Adding dependencies

You may need to add dependencies and third-party libraries to your application. This could be needed, for example, if you want to make use of an existing Signature Capture JavaScript library.

To fully integrate this into your project you will need to undertake a few steps that depend on how you’re pulling in the dependency.

Using npm

If you’re using a package manager like npm then these are the suggested steps;

Install the dependency

This can be done with the standard npm command. Use the –save flag (this will update the project’s package.json.

Setup Grunt to Move the Assets

The majority of npm packages will contain a lot of resources that aren’t needed in the actual deployable application. We don’t want to include these resources in our application bundle as they will increase it’s size without providing any benefit.

Our approach is to use Grunt tasks to move the required assets into the directory structure that will end up making up our application bundle. MobileCaddy application bundles are (for the most part) made up of anything within the www folder of our project.

Our Gruntfile.js contains a copy task that can be added to take handle the required moving of files. For example if we had added this Signature Pad library via npm we would end up with a structure like this within our node_modules directory.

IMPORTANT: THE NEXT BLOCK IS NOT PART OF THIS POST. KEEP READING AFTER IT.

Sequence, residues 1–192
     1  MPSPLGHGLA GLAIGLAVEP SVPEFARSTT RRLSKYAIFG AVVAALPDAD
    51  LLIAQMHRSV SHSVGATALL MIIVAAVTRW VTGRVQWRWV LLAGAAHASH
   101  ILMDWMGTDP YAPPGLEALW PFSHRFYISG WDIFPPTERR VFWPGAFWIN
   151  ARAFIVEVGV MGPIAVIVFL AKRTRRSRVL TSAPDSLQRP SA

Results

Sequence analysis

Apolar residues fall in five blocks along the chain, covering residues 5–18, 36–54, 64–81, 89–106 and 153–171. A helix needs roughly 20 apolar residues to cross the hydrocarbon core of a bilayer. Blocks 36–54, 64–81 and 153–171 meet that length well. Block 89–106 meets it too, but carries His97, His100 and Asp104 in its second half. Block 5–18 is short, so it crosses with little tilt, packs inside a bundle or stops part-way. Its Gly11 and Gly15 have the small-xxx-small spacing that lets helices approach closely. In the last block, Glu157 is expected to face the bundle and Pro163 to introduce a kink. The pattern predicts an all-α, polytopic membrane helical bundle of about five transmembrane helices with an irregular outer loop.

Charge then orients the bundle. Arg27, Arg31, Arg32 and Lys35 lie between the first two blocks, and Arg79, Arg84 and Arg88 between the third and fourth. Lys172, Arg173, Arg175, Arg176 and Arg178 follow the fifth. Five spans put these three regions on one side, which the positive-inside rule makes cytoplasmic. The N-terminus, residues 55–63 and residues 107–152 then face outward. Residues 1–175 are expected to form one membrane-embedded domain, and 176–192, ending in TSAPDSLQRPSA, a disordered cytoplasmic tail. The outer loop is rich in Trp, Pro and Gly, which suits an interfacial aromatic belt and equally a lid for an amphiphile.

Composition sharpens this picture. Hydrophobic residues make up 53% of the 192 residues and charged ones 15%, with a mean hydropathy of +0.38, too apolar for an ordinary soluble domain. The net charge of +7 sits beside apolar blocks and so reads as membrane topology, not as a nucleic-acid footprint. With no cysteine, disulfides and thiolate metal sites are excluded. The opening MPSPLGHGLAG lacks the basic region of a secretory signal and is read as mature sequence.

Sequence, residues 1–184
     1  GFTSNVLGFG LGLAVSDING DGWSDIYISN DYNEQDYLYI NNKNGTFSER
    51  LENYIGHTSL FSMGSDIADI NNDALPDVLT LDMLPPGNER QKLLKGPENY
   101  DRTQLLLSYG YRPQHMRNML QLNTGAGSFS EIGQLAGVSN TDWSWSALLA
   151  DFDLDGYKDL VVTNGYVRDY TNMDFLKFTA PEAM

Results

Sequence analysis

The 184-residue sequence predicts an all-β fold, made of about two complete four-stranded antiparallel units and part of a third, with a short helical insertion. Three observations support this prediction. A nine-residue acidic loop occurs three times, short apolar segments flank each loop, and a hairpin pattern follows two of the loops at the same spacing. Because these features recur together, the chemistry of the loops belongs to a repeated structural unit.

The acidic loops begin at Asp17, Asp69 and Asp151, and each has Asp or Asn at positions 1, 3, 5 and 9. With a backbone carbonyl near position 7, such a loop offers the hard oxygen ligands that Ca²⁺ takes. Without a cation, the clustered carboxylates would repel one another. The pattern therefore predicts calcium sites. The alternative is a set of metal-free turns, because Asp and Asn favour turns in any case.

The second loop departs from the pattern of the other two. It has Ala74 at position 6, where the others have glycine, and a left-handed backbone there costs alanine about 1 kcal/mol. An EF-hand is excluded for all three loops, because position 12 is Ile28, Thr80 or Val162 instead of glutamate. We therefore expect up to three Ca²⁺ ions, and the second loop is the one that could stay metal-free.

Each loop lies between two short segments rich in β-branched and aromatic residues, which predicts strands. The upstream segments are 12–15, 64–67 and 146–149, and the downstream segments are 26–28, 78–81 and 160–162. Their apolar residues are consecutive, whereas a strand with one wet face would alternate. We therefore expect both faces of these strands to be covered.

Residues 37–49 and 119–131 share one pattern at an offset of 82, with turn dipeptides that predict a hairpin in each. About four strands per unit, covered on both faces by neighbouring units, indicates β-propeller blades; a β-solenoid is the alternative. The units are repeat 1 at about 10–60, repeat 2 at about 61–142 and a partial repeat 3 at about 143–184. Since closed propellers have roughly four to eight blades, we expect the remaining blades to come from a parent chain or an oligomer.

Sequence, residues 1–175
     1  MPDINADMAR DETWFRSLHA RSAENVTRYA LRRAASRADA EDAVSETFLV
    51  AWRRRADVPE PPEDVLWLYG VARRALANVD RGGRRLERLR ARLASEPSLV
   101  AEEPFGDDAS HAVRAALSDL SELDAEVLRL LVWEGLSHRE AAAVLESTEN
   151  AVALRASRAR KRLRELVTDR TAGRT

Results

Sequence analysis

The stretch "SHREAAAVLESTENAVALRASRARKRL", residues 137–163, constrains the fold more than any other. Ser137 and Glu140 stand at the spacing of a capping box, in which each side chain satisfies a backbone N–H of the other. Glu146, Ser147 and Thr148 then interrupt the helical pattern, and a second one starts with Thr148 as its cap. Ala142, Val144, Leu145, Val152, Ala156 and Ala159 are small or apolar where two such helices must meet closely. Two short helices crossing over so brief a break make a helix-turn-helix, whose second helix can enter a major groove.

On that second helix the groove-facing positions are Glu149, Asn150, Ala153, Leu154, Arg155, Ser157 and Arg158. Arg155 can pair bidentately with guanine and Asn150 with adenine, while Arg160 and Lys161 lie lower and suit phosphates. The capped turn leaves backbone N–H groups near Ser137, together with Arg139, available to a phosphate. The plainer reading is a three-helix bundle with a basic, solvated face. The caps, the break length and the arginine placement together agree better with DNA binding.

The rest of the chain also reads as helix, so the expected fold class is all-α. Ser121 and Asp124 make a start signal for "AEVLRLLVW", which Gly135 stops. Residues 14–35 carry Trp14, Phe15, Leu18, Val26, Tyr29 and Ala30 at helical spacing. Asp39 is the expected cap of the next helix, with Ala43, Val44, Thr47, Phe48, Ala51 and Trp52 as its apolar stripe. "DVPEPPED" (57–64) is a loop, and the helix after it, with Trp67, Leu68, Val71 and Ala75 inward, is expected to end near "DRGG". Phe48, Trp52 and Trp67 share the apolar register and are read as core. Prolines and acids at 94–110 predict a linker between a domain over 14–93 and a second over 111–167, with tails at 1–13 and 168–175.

In this example we are only interested in the signature_pad.min.js file actually being bundled with our app, and so we could modify out Gruntfile.js to have the following (highlighted) lines;

See the documentation for more information on the grunt copy task we use.

Once this is in place a one-off grunt devsetup command can be run to move the assets into place. If your dependency had put files into the SCSS directory then this command will also have re-compiled this and output the CSS.

Using this approach will allow us to manage our dependencies (and versions of) across teams of developers and development environments.

Manually adding a dependency

Dependencies can be manually added to the www (and other dirs such as SCSS) if you want them to be used and deployed with your application.

Update the App Start Pages

CodeFlow Index

For our dependency to actually be used in our single-page app we need to refer to it in our local index.tpl.html. This will mean that our app will run in Codeflow (in our local web server) as expected. Of course at this stage you can include the unminified version of your dependency (if there is one) to aid your development and debugging. NOTE: Do not edit the index.html fileIt is the index.tpl.html that needs to be updated as the index.html is automatically generated from this template file.

Platform Index

To make sure our files are included when running our application in the platform emulator or on an actual mobile device we also need to edit the template file that is used to form the start page on the SFDC platform.

This can be achieved by editing the ~/apex-templates/startpage-template.apex file. In this file we want to add the entry as per our index.tpl.html but with the src attribute as follows;

Example of a JavaScript file;

Example of a CSS file;